- Winston Churchill gave a radio address telling the British people that "there is still a lot to do" and that "above all we must labor that the world organization which the United Nations are creating at San Francisco, does not become an idle name ... We must never forget that beyond all lurks Japan, harassed and failing but still a people of a hundred millions, for whose warriors death has few terrors. I cannot tell you tonight how much time or what exertions will be required to compel them to make amends for their odious treachery and cruelty. We have received-like China so long undaunted-we have received horrible injuries from them ourselves, and we are bound by the ties of honor and fraternal loyalty to the United States to fight this great war at the other end of the world at their side without flagging or failing."
- Riots took place outside a Catholic church in Santiago, Chile holding a mass in memory of Benito Mussolini. Several people were injured and four arrests were made.
- Captain from Castile by Samuel Shellabarger topped the New York Times Fiction Best Sellers list.
[May 14], 1945 (Monday)
- The Battle of Poljana began in Yugoslavia.
- The provisional government of Austria nullified the 1938 Anschluss, declared the country to be once more independent and abolished the Nazi Party and all Nazi-era laws.
- Born: Yochanan Vollach. footballer, in Kiryat Bialik, Mandatory Palestine
- Died: Heber J. Grant, 88, American religious leader and seventh president of the LDS Church; Louis J. Hauge, Jr., 20, U.S. Marine and posthumous recipient of the Medal of Honor ; Wolfgang Lüth, 31, German U-boat ace
[May 15], 1945 (Tuesday)
- The Battle of Poljana ended in victory for the Yugoslav Partisans.
- The naval engagement known as the Battle of the Malacca Strait began between five British destroyers and one Japanese heavy cruiser and one destroyer.
- Japan abrogated all treaties with Germany, Italy and the other Axis countries.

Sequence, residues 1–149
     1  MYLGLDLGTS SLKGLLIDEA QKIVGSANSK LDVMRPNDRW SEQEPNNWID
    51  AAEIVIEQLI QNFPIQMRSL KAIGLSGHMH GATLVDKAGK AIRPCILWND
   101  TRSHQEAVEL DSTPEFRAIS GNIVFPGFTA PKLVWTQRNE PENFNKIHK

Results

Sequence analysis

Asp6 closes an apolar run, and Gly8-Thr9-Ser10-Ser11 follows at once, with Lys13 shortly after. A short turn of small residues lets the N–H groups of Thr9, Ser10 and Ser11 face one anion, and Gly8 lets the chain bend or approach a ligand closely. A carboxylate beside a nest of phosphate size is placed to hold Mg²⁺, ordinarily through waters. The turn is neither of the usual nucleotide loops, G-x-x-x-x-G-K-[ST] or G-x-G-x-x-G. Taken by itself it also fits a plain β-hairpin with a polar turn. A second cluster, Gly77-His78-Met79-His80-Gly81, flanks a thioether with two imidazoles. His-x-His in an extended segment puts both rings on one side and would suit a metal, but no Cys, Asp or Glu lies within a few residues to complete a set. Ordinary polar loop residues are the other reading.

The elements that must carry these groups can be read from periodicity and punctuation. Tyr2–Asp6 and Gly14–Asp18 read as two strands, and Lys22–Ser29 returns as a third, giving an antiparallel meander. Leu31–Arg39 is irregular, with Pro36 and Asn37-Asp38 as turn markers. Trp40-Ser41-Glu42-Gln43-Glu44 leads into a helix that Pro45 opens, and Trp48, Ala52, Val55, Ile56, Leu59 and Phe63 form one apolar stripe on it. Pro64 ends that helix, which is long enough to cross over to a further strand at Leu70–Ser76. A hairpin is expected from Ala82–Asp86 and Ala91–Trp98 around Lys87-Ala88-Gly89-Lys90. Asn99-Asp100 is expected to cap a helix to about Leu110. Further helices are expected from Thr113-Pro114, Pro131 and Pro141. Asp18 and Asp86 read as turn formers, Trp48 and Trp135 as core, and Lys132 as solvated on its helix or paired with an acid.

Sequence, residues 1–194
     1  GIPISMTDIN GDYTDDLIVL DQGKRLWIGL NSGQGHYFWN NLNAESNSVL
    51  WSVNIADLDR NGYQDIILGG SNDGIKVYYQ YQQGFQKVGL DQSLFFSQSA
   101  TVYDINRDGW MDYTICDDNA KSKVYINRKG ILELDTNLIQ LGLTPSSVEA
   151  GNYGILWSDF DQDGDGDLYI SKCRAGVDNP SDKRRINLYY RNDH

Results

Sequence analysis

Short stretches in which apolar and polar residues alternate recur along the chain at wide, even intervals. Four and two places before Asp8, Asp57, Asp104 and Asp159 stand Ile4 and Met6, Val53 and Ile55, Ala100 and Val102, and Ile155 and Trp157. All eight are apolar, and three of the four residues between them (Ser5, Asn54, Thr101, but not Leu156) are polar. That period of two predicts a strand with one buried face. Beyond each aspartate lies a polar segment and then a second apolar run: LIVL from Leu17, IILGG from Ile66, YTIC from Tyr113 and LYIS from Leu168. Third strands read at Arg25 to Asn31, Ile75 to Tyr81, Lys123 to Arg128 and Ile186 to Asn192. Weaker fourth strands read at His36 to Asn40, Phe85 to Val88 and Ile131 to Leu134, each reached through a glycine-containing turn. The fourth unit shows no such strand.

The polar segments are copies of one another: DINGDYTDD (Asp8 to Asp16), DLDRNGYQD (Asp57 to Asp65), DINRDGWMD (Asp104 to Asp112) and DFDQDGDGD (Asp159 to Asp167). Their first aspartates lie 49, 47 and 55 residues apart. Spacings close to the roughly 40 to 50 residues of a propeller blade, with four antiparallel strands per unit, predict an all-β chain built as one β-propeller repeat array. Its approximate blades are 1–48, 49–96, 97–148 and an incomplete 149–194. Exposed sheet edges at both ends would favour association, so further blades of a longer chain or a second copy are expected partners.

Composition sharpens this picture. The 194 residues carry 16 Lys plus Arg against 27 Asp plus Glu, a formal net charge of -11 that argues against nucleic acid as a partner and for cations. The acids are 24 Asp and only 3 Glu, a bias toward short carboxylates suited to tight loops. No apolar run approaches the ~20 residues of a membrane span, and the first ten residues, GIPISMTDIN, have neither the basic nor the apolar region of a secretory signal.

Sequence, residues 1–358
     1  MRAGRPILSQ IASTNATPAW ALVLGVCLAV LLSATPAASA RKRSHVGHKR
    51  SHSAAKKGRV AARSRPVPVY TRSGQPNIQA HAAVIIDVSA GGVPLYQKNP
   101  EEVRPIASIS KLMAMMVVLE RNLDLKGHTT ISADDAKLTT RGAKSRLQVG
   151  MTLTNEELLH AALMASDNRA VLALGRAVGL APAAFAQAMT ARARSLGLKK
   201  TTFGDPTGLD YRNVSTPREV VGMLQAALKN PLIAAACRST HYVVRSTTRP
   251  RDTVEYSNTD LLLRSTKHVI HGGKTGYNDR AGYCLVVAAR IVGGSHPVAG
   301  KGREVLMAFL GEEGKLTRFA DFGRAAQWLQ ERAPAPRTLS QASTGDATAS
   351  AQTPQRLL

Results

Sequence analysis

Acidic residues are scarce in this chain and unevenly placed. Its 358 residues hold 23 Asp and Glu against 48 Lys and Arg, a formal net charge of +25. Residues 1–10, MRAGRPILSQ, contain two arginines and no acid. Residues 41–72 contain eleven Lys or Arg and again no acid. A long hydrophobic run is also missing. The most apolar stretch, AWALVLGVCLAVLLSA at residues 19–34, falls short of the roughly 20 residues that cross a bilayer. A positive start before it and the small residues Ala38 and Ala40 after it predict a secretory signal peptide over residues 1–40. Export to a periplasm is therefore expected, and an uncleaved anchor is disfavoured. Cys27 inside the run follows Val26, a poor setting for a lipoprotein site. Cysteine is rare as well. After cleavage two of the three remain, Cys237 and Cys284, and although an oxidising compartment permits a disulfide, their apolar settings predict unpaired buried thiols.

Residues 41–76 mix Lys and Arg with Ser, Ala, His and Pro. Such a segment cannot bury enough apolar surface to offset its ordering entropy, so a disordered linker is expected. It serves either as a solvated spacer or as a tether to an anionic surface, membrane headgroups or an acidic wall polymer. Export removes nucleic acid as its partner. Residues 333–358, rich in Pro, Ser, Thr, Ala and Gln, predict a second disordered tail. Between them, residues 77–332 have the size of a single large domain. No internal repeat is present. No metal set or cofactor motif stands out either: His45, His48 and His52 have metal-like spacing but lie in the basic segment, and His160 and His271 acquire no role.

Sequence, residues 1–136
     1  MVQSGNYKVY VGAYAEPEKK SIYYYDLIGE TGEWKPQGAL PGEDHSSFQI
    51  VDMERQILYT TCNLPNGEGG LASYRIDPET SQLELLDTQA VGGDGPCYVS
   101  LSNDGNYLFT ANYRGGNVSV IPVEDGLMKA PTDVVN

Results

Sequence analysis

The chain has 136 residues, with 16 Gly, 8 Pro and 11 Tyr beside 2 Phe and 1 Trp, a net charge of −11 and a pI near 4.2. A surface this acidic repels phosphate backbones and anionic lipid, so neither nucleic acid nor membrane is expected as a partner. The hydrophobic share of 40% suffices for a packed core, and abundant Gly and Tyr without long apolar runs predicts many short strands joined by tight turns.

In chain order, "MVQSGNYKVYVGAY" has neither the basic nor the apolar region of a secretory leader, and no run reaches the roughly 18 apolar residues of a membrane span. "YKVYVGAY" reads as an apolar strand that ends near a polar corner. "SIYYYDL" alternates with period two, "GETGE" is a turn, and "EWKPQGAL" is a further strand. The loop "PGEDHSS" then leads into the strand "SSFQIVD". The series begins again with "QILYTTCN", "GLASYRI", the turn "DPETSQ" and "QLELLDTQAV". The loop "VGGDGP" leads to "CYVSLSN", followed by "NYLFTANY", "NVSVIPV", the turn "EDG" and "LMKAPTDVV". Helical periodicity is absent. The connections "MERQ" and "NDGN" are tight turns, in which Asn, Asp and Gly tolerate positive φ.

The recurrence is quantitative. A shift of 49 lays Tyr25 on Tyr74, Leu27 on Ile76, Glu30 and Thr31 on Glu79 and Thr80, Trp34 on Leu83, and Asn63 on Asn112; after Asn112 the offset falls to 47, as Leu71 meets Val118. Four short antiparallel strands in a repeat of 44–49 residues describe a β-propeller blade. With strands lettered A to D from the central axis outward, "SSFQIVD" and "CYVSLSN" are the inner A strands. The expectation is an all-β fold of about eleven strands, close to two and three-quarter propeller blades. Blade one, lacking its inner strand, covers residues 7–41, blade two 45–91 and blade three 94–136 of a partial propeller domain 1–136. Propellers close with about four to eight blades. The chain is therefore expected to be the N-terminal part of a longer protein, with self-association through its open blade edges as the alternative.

- The comic book Marge's Little Lulu was published, marking the first appearance of Little Lulu in comic book form. The character, created by Marjorie Henderson Buell, had first appeared in a series of single-panel cartoons that ran in The Saturday Evening Post between 1935 and 1944.
- Born: Duarte Pio, Duke of Braganza, in Bern, Switzerland
- Died: Kenneth J. Alford, 64, British soldier and composer; Charles Williams, 58, British author
[May 16], 1945 (Wednesday)
- The Battle of the Malacca Strait ended in British victory and the sinking of the Japanese heavy cruiser Haguro.
- Born: Nicky Chinn, songwriter and record producer, in London, England
- Died: Kaju Sugiura, 49, Japanese admiral
[May 17], 1945 (Thursday)
- French troops landed in Beirut to reassert colonial control.
- A British white paper outlined postwar independence for Burma.
- Denmark broke diplomatic relations with Japan.
- Born: Tony Roche, tennis player, in Wagga Wagga, Australia
- Died: Bobby Hutchins, 20, American child actor who played Wheezer in the Our Gang comedy short films
[May 18], 1945 (Friday)
- During the Battle of Okinawa, the Tenth United States Army captured Sugar Loaf Hill.
- The U.S. Department of Justice announced the deportation of Fritz Julius Kuhn to Germany.
- Died: William Joseph Simmons, 65, American founder of the second Ku Klux Klan
[May 19], 1945 (Saturday)
- Australian troops completed the conquest of Tarakan Island.
- British submarine Terrapin was depth charged and damaged in the Java Sea by Japanese warships and rendered a constructive total loss.
- The Czechoslovak Extraordinary People's Court distributes over twenty thousand sentences - seven percent of them being for life or the death sentence - to "traitors, collaborators and fascist elements."
- Born: Pete Townshend, guitarist, singer and songwriter, in Chiswick, London, England
- Died: Philipp Bouhler, 45, German Nazi official
[May 20], 1945 (Sunday)
- U.S. forces captured Malaybalay on Mindanao.
- The Georgian uprising on Texel ended when Canadian forces arrived to enforce the German surrender and disarmed the remaining German troops.
- Died: Fritz Kater, 83, German trade unionist